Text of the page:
I love my career coaching work because it is so connected to how I derive purpose in the world. The “thank-yous” are a nice bonus. My kind clients will often send notes or e-mails commenting on specific advice I had given that made a profound difference in their career. I would like to think that most every career coaching client comes away from our interactions better for it because of something I said but I will highlight the opposite in this post.
“Why is someone so thankful for your suggestion that he do what he already knew he should do?” So asked, one of the younger consultants at The Learning Consultants (the parent company of Career Counseling Connecticut), when he reviewed a heartfelt thank you e-mail sent to us in relation to a recent career counseling meeting. One of the older consultants responded: he needed the interaction to create the action.
“Jerry” was miserable in his job and career path. But, he felt stuck. He was 32. Young, from my vantage point, but old, from his view, to switch careers.
Having graduated from college mostly clueless about what he really wanted to do, he wound up, through connections working in a small business in Stamford, CT. After a couple of years, he knew he didn’t want to work in the business for much longer. He thought he might want to switch into a larger company in the industry. He half-heartedly applied to a couple of companies but then did not further pursue with any real vigor.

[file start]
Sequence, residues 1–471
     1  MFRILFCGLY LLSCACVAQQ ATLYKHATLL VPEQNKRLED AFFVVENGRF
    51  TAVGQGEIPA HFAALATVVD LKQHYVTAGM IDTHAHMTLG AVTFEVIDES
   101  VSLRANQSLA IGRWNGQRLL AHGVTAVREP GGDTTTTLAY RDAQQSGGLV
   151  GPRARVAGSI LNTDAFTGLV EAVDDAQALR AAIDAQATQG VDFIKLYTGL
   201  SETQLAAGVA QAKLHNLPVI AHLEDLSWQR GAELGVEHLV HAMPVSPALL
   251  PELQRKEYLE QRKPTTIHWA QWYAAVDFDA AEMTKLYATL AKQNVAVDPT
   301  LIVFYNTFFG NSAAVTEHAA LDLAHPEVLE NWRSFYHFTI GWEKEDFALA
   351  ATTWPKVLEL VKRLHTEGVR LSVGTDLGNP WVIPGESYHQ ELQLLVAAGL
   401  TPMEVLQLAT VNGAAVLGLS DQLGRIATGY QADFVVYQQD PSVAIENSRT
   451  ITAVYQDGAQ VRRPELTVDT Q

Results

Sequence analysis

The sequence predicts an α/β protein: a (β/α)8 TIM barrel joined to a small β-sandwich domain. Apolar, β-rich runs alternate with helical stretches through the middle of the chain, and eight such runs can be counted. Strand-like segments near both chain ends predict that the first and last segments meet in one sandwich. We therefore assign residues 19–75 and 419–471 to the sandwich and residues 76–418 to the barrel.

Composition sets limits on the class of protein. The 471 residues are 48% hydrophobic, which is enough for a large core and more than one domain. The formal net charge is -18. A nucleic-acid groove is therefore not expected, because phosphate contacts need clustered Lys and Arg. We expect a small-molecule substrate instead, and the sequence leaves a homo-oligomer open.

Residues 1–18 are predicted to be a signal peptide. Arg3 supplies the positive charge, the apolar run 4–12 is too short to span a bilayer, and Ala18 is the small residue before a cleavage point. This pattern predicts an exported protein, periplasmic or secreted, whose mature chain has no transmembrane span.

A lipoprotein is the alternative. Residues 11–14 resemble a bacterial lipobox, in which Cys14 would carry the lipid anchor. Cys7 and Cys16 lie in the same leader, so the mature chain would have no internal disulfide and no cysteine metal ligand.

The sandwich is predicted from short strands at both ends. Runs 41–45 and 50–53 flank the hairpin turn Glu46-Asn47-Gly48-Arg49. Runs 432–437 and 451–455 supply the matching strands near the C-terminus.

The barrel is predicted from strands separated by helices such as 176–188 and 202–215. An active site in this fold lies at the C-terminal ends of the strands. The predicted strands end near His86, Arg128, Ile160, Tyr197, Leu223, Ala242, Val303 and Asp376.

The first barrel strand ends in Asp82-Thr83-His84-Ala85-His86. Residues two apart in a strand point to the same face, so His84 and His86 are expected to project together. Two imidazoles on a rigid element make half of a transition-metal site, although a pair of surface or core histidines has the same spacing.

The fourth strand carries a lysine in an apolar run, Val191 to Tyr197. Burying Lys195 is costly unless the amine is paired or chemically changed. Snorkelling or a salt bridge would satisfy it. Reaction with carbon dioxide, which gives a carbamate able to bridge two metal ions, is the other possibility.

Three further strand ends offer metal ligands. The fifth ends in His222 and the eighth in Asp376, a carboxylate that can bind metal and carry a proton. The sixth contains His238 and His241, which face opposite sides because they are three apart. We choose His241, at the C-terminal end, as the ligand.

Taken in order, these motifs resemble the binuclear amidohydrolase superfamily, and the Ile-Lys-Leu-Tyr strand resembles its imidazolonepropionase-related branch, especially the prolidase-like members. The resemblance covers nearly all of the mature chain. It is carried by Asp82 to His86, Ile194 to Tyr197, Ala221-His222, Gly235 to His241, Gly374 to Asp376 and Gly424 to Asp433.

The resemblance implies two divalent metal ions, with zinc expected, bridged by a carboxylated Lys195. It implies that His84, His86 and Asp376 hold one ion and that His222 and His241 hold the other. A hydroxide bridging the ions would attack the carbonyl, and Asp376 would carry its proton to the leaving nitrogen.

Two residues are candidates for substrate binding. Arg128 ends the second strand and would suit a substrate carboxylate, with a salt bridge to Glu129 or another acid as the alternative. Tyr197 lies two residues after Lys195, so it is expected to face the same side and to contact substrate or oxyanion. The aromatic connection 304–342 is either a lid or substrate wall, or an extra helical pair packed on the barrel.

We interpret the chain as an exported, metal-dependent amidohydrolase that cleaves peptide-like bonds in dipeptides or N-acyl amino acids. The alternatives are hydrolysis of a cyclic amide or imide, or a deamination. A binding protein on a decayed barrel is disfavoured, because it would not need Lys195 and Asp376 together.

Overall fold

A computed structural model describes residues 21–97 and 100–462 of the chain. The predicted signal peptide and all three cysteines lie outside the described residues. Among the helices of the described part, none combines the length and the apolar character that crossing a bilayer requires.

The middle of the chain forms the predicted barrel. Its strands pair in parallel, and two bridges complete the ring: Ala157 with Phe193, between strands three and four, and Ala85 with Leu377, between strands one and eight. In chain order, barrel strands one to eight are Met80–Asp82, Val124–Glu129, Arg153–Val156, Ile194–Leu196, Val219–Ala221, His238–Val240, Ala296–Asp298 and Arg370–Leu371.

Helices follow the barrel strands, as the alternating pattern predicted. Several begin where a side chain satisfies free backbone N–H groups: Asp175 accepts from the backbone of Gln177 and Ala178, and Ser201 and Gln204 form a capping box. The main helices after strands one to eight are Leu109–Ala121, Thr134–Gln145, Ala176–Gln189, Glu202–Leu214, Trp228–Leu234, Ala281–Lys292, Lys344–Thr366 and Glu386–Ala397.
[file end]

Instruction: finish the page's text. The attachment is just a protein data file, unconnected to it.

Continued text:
Jerry realizes now that his lack of continued pursuit stemmed from not wanting to be in his company’s industry at all. He slogged onward. He mastered his job so it became easier but he also had reached the point of limited upward mobility. He was bored. He channelled his energy into long distance running and other hobbies and tried not to think too much about his job.
As Jerry approached 29, he resolved that by 30 he would be heading in a different career direction. In forging his career exploration, he did all the right things. He saved his excess income. He reviewed graduate schools. He reflected on what he wanted to do. He talked to dozens of people, including a career counselor (not me).
Before his 30th birthday, Jerry found an answer to his career question in the form of a specific industry that genuinely interested him. Even better, he had an entry point into the field as one of the people he had spoken to was willing to take him on in an entry level role.
But, Jerry didn’t act. Venturing into the new industry would require trade-offs. He was trading a middle management role for an entry level position. The money was not radically lower but he would also take a cut in pay. He would be going backward to the outer world or so he thought.
Jerry didn’t quit his job before 30. Or 31. Or 32. I’ve written elsewhere about the tension between opportunity and transactional cost. Jerry was making the classic mistake of underestimating opportunity cost (by staying at something he didn’t want to do, he was giving up the opportunity to build a career in something he wanted to do) and overestimated the transactional cost (sure, he would take a step back in title and pay in the short term but had he made the move at age 30 into a field he liked better, he likely would have caught up in title and pay to the current levels of his dead end job).
Most of my career counseling clients are “lost”, in the sense that they really don’t know what to do or they have vague thoughts about their preferred career direction. The content of our conversation provides the primary benefit of meeting. With Jerry, my comments on what he should do (he already knew!), risk analysis (he understood that he was not risking much in the long term), and opportunity/transactional cost (he nodded his head readily as he had thought the same thing many times) were not the primary benefit.
Instead, Jerry needed some type of interaction to give him the energy to make the move. One month after our meeting, Jerry started on his new path and wrote the aforementioned note.
I said nothing magical. Instead, the interaction created the action.